TALLAHASSEE, Fla. — Florida's state police commissioner pushed back against allegations Tuesday that his officers acted inappropriately at the home of a former state data analyst during the execution of a search warrant.
Rebekah Jones has said officers acted inappropriately when entering her Tallahassee home Dec. 7 with guns drawn. She likened them to Gestapo, which Florida Department of Law Enforcement Commissioner Rick Swearingen found particularly offensive.
"The Gestapo dragged innocent men, women, and children out of their homes and murdered them," Swearingen said. "To compare agents lawfully executing a search warrant to the Gestapo is just ridiculous."
The search made national headlines after Jones posted a now-viral video of the event and alleged authorities pointed weapons at her children and husband.
It drew immediate scorn from her followers and Florida Democrats like state Agriculture Commissioner Nikki Fried, who posted on Twitter: "Knowing that children were in the home, police should have exercised extreme caution."
It's unclear from Jones' 30-second clip whether children were ever in the crosshairs.
Video from FDLE body cameras also fails to show any evidence. Swearingen told reporters it didn't happen. He also said having weapons drawn in this kind of situation is common practice.
"A police officer executing a search warrant is one of the most dangerous things that we will do in our jobs," said the commissioner. "I don't ever recall, during the execution of a search warrant, entering a facility without my gun drawn."
Jones is being investigated after someone breached state systems and messaged employees last month, urging them to speak out against the current state administration. Law enforcement said they traced an IP address used during the breach to Jones' address.
Jones helped create the state's COVID-19 dashboard and was terminated from the Florida Department of Health in May, shortly after alleging the state was softening its virus data. At the time, officials said her firing was for insubordination. Gov. Ron DeSantis called it a "non-issue."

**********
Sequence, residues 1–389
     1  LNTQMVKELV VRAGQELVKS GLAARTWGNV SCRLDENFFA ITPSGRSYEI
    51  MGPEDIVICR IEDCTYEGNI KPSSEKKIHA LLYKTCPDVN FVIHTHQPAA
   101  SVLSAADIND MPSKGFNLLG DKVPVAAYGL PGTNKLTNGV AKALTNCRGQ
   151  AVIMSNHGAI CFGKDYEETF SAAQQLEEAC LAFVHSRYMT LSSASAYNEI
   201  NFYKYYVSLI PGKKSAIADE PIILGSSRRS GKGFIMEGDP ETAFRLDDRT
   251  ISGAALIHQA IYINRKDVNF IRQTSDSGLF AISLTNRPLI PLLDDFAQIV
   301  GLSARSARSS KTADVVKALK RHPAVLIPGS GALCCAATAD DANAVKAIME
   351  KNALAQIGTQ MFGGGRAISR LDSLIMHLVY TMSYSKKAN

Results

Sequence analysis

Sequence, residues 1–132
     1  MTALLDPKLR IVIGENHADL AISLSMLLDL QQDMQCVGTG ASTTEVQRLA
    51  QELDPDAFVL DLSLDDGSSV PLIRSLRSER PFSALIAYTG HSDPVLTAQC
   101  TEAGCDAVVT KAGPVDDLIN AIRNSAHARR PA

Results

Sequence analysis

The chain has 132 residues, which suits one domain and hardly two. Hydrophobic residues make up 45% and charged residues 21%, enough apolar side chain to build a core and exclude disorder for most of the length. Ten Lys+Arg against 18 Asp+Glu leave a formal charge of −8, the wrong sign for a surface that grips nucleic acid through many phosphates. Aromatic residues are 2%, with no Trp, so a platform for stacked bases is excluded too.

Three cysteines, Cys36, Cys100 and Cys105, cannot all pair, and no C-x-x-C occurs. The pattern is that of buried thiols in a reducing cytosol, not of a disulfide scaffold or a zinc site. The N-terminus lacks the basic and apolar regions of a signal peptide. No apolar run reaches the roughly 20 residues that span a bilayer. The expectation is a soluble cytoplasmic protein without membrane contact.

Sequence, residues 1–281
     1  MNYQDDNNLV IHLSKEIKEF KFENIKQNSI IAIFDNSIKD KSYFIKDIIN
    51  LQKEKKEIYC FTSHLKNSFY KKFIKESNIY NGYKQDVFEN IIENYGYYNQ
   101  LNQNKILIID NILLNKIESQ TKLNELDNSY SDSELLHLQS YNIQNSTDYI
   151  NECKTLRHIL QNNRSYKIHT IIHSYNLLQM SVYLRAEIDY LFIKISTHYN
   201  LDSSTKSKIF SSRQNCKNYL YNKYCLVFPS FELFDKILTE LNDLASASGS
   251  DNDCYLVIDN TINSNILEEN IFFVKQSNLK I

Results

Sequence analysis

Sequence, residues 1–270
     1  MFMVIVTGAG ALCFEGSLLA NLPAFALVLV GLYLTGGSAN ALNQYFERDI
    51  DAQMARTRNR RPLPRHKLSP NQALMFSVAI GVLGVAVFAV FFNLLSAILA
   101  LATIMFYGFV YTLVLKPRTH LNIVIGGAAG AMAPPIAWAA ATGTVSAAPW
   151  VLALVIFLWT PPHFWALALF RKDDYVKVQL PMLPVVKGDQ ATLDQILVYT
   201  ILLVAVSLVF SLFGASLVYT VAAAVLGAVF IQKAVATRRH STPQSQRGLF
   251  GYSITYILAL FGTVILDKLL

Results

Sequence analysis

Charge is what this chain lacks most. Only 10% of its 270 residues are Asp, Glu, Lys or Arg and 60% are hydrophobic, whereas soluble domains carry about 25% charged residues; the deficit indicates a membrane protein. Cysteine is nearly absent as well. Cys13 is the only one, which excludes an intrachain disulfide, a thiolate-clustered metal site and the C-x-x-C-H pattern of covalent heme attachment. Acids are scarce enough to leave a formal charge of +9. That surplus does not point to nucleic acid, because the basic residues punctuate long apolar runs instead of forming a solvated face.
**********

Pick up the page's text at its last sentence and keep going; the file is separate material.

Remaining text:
In the months following, Jones has continued to criticize DeSantis and his handling of COVID-19, regularly speaking on national news outlets. She now alleges the police raid was the latest attempt by state officials to pressure her into silence.
Jones told us recently she had nothing to do with the breach and that her skill set doesn’t include hacking.
"I don't know the first thing about computers," she said. "If something is wrong with your computer, I'm liable to make it worse."
Democratic members of the state's congressional delegation are now calling on Florida Chief Inspector General Melinda Miguel to probe the raid and Jones' termination.
"During an exponentially worsening public health crisis, it is vital that our state government not erode the trust of Floridians and instead, provide transparency into these troubling reports," wrote the 11 members in a letter to Ms. Miguel. "Beyond the potential violation of Ms. Jones' rights, these actions may inflict deeper public harm by preventing other state employees from raising similar concerns about the validity of Florida's COVID data, and undermining public trust in the reliability of vital health reporting."
DeSantis has denied he knew Jones was involved before news of the search broke. He also has supported FDLE's actions.
Authorities have yet to charge Jones with a crime.